In an account published in the Midland Tribune Saturday, January 28th 1950 following Martin Fleming’s death and signed *By a Comrade in Arms* and almost definitely written by Sean Robbins, he describes how a party of men under his command controlled the warders.
“It worked our simple in the end. Everyday clothes and dummy revolvers were smuggled in and on the appointed day, during our rest hour after dinner, Martin and three or four others got into the smuggled clothes, and armed with the dummy revolvers, rushed on the warders as if they had broken in from outside. There was no resistance. The terrified warders, thinking another rising had broken out threw up their hands and begged for mercy. They were quickly hustled together behind the prison hospital and then, in broad day light over the wall went twenty of us.”
(Continuing Piaras Béalsaí’s account) …… A volunteer outside the jail, Paddy Clancy, threw a weight with a rope attached over the wall and a rope ladder was pulled up. Paddy Daly called out the names of the men with Piaras Béaslaí first followed by Padraig Fleming and JJ Murphy. In all twenty men went over the wall, exceeding all expectations and leaving only seven prisoners under the command of Paddy Daly inside. Just as the last man cleared the wall the military guard rushed up with fixed bayonets, Paddy Daly lined up the remaining men and they greeted the soldiers with a derisive cheer.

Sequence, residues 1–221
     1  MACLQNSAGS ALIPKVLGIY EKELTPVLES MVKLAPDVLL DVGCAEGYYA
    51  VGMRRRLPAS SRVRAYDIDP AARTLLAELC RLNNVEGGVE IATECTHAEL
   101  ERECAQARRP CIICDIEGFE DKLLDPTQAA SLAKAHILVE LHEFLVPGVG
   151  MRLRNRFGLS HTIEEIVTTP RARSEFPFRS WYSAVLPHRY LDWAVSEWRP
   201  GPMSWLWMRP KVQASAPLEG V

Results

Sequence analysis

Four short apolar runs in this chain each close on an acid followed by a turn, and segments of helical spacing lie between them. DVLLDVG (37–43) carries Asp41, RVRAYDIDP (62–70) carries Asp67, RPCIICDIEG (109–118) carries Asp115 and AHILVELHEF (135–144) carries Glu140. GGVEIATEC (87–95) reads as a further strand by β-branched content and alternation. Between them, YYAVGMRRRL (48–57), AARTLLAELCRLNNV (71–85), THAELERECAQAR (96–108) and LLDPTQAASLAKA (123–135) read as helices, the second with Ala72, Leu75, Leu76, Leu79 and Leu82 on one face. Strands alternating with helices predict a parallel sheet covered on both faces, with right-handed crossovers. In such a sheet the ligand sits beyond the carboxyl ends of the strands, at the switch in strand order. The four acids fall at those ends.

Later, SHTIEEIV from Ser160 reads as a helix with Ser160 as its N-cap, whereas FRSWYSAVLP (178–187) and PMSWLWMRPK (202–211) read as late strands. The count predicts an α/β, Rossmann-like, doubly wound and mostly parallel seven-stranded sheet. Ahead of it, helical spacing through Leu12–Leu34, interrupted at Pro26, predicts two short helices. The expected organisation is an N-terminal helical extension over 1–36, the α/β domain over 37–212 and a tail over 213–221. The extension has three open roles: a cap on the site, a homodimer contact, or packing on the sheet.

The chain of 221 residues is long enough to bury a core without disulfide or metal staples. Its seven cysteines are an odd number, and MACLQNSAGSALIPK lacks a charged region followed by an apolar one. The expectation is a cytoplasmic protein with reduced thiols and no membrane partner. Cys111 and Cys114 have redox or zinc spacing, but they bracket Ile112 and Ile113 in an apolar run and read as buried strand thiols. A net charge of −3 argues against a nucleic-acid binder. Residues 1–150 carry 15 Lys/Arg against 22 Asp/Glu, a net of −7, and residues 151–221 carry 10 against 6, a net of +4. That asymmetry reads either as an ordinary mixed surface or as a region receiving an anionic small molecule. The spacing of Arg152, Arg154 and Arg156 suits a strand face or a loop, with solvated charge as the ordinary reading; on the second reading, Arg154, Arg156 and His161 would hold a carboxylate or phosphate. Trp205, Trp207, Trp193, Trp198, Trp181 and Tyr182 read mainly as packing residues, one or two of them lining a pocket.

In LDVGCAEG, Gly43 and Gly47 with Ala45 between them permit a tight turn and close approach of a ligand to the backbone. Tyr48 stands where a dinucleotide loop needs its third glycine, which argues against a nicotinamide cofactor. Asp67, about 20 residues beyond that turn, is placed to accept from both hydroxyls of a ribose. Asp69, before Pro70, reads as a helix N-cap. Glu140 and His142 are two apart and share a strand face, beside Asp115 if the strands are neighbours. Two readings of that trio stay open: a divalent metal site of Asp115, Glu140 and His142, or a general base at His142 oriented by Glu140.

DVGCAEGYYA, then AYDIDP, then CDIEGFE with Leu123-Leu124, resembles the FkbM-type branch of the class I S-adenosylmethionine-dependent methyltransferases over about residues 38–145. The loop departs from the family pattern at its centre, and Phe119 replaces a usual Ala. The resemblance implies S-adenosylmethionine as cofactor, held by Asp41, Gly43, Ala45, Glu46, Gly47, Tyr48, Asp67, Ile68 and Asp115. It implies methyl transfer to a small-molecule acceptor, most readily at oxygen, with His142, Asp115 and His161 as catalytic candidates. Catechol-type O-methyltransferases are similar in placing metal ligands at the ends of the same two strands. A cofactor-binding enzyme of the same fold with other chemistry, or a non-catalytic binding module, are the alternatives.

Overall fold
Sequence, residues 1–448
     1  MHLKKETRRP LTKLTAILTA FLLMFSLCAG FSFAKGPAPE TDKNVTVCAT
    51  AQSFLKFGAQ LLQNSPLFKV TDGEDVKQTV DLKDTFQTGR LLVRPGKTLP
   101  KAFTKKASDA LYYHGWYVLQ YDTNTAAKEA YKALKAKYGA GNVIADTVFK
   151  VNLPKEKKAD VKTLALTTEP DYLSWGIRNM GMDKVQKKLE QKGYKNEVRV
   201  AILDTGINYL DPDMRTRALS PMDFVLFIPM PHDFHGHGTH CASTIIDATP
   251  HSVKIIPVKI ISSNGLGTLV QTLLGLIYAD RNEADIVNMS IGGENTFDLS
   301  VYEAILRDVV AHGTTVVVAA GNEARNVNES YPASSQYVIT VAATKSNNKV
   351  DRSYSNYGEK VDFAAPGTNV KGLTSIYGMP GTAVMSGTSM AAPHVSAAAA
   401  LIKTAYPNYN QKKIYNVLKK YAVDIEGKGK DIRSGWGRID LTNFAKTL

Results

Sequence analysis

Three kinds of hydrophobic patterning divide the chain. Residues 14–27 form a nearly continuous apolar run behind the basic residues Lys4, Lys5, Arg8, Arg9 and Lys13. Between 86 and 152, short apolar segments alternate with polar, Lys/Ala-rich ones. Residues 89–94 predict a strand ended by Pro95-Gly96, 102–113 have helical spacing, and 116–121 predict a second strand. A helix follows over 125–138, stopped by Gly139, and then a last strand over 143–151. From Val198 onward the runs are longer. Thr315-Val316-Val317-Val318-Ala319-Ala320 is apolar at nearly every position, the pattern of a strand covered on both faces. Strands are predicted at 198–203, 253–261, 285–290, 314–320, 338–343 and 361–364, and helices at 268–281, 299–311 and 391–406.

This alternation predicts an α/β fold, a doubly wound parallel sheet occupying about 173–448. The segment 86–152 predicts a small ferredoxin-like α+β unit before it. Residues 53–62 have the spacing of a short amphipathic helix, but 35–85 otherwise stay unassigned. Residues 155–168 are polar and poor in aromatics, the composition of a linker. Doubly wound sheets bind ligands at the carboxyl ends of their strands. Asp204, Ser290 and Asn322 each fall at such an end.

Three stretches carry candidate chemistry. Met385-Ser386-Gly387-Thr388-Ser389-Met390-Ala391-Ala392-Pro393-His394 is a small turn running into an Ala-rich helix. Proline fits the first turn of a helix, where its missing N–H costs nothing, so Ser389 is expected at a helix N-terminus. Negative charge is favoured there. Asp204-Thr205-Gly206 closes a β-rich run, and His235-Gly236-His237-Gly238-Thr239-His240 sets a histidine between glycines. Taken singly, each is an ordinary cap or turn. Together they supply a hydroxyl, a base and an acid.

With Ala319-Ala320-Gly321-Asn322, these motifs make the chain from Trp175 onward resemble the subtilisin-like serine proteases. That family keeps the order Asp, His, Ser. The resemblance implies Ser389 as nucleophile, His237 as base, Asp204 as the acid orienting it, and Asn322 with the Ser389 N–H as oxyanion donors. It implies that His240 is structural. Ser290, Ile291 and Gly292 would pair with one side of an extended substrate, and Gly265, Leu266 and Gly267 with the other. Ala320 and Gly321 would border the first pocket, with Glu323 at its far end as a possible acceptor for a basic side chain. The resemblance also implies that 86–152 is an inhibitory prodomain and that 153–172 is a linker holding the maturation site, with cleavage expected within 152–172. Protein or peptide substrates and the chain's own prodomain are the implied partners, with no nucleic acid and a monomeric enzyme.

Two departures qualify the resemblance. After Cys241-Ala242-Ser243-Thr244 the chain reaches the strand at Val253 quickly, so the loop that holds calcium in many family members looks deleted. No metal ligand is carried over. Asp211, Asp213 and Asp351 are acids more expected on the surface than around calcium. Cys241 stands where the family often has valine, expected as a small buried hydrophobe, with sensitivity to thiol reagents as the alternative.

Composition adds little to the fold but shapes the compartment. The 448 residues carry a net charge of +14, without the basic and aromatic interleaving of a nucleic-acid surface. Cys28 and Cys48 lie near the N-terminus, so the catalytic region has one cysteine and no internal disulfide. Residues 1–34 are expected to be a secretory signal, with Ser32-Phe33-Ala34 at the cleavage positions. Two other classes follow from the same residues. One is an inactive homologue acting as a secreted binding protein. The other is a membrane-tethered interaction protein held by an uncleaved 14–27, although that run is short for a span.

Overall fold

All the men who escaped got away safely. Some on bicycles and some by tram. Among them was Sean Robbins, Erryarmstrong, Clara and Martin Fleming, Grogan, Ballycumber.
Robert Brennan O/C Sinn Fein Press Bureau described that day in a statement to the Bureau of Military History.
“All Ireland roared laughing a few days later when, in broad daylight, no fewer than twenty prisoners escaped over the twenty-foot-high wall of the same jail.
It had been borne in on me that something big was afoot that morning. Sean Nunan had asked if he might get off for a couple of hours and, a little later, his brother Michael, did likewise. Then Frank Kelly went off. I went downstairs to find the offices almost deserted. Fitz, as everyone called Miss Anna Fitzsimons, the chief stenographer, was walking about restlessly. “It must be something very big,” she said, “when they are all called out like that.” She said she was going out to see what was up and went off. A few hours later, I met Fitz in Grafton Street and she was chuckling with delight. “Twenty prisoners got over the wall out of Mountjoy! Can you beat that” The news had spread quickly. Everyone we met was smiling joyously and perfect strangers were shaking hands with one another.”
Sean and Martin were making their way down Clonliffe Road when they were stopped by an RIC patrol, however word of the escape had not yet reached the patrol, Martin Fleming was carrying an injury and the RIC assumed he was an Ex-service man injured fighting in World War 1 and let them pass. They were brought to a safe house on the Quays in Dublin and got back to Rahan by canal on a Pullough boat. Both Sean Robbins and Martin Fleming were on the run for the remainder of the War of Independence and both played prominent roles in the campaign in Offaly, despite repeated attempts by Crown Forces to capture them.